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STD Testing


A sexually transmitted disease, also known as an STD, is a type of infection that is transmitted from one person to another through sexual activities. STD infections can be caused by bacteria, viruses or parasites, making treatment necessary when diagnosed with an STD. These activities consist of any type of sexual contact that includes the vagina, the anus, the mouth and/or bodily fluids, i.e. semen, vaginal fluids, blood. The fact that an STD can be transmitted through blood makes it a good idea for people not to borrow other people's razors or anything else that can come into contact with their blood or bodily fluids.

According to the Centers for Disease Control, there are approximately 19 million new STD infections every year with almost half of them among young people 15 to 24 years of age.

How are STDs transmitted?

A sexually transmitted disease is transmitted from one person to another via sexual acts. This means anyone who is sexually active could potentially have a sexually transmitted disease. Risk factors that increase a woman's chances of being diagnosed with one or more STDs include having unprotected sex and having more than one sexual partner. The fact that an STD will often not exhibit any signs or symptoms makes it essential for those who are sexually active to get regularly tested so they do not pass it on to their sexual partners.

How to prevent an STD diagnosis 

Using the right type of protection is an essential part of a woman's ability to protect herself from getting a sexually transmitted disease. There are different types of condoms available nowadays, including female condoms, male condoms and dental dams.

Common STD symptoms 

While it is possible for someone to not experience any symptoms when they have a sexually transmitted disease, there is a list of common STD symptoms that can appear when someone is living with a sexually transmitted disease. These symptoms include the following:

  • A vaginal discharge that is gray, green or dark yellow in color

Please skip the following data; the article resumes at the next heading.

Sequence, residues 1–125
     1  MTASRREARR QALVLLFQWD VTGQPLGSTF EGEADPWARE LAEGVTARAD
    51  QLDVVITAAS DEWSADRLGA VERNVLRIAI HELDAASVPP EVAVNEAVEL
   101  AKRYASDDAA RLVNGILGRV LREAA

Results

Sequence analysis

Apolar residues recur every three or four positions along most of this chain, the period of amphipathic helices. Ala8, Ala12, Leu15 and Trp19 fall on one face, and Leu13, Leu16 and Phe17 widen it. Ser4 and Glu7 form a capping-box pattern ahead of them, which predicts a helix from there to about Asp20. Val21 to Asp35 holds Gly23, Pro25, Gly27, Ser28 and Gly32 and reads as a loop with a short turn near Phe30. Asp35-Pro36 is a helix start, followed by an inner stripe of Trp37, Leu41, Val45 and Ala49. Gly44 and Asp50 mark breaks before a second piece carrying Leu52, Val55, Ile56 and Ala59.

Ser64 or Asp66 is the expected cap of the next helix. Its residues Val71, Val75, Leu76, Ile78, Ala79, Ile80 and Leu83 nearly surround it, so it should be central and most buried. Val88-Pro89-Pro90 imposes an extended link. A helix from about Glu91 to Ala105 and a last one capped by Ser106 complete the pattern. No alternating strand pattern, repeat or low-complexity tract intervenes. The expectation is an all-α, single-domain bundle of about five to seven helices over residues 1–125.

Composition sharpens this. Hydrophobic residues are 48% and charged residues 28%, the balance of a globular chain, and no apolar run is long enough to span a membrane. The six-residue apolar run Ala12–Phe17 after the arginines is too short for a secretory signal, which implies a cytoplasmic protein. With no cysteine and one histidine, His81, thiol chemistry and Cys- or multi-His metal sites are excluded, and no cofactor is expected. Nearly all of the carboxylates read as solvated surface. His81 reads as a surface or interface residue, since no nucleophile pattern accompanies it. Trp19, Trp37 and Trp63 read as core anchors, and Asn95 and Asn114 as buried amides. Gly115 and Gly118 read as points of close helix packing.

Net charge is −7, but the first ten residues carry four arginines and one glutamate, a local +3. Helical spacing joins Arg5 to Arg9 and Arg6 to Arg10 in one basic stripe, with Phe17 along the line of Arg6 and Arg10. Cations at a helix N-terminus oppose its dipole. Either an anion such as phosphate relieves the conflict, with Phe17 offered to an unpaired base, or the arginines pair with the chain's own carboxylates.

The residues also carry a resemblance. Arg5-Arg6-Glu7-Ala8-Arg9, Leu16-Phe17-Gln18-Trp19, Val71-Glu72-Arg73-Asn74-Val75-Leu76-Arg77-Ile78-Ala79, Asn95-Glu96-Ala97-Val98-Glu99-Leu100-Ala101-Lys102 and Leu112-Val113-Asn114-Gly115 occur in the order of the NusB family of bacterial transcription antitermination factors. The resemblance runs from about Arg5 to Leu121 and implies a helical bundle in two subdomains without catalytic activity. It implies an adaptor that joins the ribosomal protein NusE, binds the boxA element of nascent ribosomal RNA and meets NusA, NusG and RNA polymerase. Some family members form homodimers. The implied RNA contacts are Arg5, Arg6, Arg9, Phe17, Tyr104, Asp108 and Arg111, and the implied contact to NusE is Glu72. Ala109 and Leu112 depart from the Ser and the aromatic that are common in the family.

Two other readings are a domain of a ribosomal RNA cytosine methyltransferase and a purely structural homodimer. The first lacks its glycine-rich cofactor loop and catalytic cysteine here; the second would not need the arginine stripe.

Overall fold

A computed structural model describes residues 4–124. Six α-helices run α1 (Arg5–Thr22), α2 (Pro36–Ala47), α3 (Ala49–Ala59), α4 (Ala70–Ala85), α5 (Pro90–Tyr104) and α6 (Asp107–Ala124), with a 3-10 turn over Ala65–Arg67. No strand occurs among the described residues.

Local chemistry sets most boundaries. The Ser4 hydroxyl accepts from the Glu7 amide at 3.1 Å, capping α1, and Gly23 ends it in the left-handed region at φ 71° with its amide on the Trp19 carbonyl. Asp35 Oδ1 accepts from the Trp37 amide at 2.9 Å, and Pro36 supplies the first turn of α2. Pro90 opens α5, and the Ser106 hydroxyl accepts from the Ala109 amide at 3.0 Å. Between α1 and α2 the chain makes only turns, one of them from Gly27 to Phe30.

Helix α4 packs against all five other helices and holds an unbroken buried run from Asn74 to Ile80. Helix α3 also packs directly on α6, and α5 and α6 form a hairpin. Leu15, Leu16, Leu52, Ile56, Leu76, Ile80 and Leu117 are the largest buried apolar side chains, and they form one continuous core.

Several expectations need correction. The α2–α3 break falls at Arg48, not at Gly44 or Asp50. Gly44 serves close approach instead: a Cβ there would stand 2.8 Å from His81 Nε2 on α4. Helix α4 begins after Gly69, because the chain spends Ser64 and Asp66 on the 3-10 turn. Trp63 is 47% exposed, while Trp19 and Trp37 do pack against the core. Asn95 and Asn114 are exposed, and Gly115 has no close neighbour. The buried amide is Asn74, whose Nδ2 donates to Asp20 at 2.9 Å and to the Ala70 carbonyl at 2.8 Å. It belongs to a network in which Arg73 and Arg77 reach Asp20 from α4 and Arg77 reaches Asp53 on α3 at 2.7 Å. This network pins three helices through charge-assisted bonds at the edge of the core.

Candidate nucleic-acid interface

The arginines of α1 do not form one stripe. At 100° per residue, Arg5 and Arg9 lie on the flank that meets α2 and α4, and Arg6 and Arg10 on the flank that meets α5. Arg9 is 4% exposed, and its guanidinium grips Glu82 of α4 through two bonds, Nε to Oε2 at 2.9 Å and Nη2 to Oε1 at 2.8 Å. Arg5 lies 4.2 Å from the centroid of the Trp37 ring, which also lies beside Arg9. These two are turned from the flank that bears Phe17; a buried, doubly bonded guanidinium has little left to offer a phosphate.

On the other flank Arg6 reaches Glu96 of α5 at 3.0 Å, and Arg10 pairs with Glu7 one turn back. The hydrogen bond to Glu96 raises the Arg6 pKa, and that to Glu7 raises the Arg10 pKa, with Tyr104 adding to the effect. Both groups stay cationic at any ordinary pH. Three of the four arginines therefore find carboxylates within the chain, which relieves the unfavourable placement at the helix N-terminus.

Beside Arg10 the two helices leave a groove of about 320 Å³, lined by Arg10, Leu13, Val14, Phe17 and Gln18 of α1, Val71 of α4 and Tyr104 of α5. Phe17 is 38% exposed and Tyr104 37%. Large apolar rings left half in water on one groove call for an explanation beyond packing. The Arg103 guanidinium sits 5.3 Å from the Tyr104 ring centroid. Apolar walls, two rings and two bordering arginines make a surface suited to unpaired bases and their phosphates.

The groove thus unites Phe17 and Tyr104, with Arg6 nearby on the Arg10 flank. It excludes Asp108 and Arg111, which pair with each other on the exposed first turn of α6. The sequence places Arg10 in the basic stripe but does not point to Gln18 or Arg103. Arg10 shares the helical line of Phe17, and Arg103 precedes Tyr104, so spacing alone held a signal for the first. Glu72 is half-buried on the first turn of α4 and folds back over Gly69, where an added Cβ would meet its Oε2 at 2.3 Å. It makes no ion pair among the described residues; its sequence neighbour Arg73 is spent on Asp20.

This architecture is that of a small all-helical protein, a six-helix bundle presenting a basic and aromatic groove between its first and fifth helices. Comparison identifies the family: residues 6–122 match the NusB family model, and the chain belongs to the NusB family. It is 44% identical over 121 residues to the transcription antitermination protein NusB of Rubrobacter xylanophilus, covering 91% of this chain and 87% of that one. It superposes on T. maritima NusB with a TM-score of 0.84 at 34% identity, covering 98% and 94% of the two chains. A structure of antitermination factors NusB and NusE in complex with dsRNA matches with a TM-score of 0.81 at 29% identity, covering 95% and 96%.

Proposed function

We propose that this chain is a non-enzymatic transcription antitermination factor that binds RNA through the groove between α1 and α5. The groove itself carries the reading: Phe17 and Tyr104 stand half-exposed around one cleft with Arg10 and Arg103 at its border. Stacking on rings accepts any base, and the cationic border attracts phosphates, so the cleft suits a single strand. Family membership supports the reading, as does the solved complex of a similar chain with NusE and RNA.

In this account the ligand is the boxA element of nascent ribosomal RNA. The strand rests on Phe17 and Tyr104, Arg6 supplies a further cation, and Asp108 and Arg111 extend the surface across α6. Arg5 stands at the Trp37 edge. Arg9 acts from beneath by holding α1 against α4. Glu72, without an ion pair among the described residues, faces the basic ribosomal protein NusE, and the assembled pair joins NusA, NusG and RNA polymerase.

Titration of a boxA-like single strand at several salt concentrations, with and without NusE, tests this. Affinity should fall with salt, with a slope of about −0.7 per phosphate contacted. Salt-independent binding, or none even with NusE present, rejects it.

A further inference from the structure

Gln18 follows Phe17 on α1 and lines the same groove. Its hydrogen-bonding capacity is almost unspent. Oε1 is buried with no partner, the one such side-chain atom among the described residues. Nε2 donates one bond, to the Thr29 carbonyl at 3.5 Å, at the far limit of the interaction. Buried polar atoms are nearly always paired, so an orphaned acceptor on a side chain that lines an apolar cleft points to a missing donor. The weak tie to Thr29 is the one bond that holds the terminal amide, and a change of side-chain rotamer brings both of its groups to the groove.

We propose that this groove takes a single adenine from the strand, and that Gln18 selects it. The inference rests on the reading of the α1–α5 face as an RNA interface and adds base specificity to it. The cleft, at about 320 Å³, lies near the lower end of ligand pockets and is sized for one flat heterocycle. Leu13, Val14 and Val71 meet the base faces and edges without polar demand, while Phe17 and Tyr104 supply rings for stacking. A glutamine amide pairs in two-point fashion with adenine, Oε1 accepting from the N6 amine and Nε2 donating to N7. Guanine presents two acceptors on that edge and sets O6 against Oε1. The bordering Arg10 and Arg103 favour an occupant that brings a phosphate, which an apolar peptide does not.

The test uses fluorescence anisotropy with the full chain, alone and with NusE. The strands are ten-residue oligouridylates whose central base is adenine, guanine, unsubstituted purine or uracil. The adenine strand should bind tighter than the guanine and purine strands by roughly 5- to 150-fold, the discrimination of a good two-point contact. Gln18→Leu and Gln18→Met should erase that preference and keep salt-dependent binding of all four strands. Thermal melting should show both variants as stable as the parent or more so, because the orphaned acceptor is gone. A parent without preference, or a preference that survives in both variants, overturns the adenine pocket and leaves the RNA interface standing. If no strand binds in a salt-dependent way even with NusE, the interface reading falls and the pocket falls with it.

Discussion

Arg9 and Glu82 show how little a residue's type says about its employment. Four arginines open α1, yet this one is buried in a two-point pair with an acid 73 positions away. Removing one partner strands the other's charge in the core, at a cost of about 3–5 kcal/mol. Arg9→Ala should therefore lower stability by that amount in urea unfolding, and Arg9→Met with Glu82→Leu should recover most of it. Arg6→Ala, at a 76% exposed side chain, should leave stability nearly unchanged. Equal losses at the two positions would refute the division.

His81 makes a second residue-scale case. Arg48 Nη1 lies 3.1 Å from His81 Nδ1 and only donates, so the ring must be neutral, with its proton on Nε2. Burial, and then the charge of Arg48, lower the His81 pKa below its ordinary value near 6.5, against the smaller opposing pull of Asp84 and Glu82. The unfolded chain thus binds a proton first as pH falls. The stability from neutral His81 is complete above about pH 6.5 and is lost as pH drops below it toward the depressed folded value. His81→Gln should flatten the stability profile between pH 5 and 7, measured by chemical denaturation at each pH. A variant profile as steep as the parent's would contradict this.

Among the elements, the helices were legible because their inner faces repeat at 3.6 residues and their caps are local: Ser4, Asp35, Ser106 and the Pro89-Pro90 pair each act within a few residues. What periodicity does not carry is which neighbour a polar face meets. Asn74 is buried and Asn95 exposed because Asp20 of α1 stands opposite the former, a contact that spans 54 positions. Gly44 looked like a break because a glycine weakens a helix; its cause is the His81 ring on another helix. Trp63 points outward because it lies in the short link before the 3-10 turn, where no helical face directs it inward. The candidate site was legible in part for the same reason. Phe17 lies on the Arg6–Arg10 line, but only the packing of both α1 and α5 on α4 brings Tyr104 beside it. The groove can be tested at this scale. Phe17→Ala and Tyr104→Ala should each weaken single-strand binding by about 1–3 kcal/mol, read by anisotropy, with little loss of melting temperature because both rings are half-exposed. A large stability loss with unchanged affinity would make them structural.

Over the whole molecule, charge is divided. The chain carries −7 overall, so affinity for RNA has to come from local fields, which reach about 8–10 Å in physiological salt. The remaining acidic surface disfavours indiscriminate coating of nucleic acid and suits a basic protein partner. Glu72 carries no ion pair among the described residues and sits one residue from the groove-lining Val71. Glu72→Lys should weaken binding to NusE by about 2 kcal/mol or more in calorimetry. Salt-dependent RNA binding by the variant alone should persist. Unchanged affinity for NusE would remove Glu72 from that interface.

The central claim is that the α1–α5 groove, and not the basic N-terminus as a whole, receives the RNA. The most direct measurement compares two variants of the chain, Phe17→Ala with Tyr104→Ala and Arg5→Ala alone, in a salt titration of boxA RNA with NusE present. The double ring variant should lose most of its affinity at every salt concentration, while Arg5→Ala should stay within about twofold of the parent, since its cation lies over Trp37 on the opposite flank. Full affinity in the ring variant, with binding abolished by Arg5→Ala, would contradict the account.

• A vaginal discharge that is giving off a foul odor
  • Experiencing any type of pain when urinating
  • Experiencing any type of discomfort or pain when having sexual intercourse
  • Experiencing pain in the lower abdominal area
  • A low-grade fever
  • Bleeding in between one’s menstrual cycle
  • Having stores located in or around the vagina, in or around the anus or in or around the mouth
  • General genital itching

Most common STDs among women 

There are more than 20 different types of STDs that a woman can be diagnosed with nowadays, of which all can be treated and most can be cured.

  • HPV: The human papillomavirus is the most commonly diagnosed STD in women and is the number one cause of cervical cancer
  • Gonorrhea: A common bacteria-based STD
  • Genital herpes: Both strains of herpes – HSV-1, HSV-2 – can lead to a genital herpes diagnosis
  • Chlamydia: This STD stems from a bacterial infection and is the most reported STD in the United States
  • Syphilis: This sexually transmitted disease includes four different stages, with the first stage causing sores in the vagina, anus or mouth
  • Trichomoniasis: This STD is caused by a parasite, with only about one out of three women experiencing any symptoms
  • HIV or AIDS: A very serious sexually transmitted disease that will eventually destroy the immune system

STD testing

Current recommendations are that a woman should get a pap smear every three to five years. The amount of time in between pap smears is based on each individual woman's particular situation and is, therefore, a decision that is made between her and her medical professional. While it may not always be an easy discussion for some women to have with their medical professional, it is always a good idea for them to be completely open and honest about their sexual activities. The discussion will never leave the room.

Once a diagnosis has been made, it is important to start any treatment prescribed by the medical professional as soon as absolutely possible. It is necessary for those diagnosed to refrain from any sexual activities until their infection is completely cured. For viral infections and bacterial infections, it is necessary for both partners to be treated and cured before resuming sexual activities.

How are STDs treated?

It is often easier to treat a bacterial STD, as STDs that are caused by a virus will often need to be managed as they are not always able to be cured.

Treatment options for STDs include taking prescription antibiotics, which may include taking just one dose. If antibiotics need to be taken in more than one dose then it is essential to complete the entire antibiotic treatment or it will simply not work. Treatment can also involve taking prescription antiviral drugs, which although helps to suppress the infection will not cure the infection.

Do you need STD testing?

We invite you to come to see us at our office if you are experiencing any of the symptoms above or it has been more than one year since you have been tested for sexually transmitted diseases. It is possible that an STD can cause you to be infertile, and it can also increase your chances of experiencing any complications if you are thinking about getting pregnant.


Glow Obstetrics & Gynecology
6705 Heritage Parkway, Suite 102
Rockwall, TX 75087
Phone: 972-722-2526

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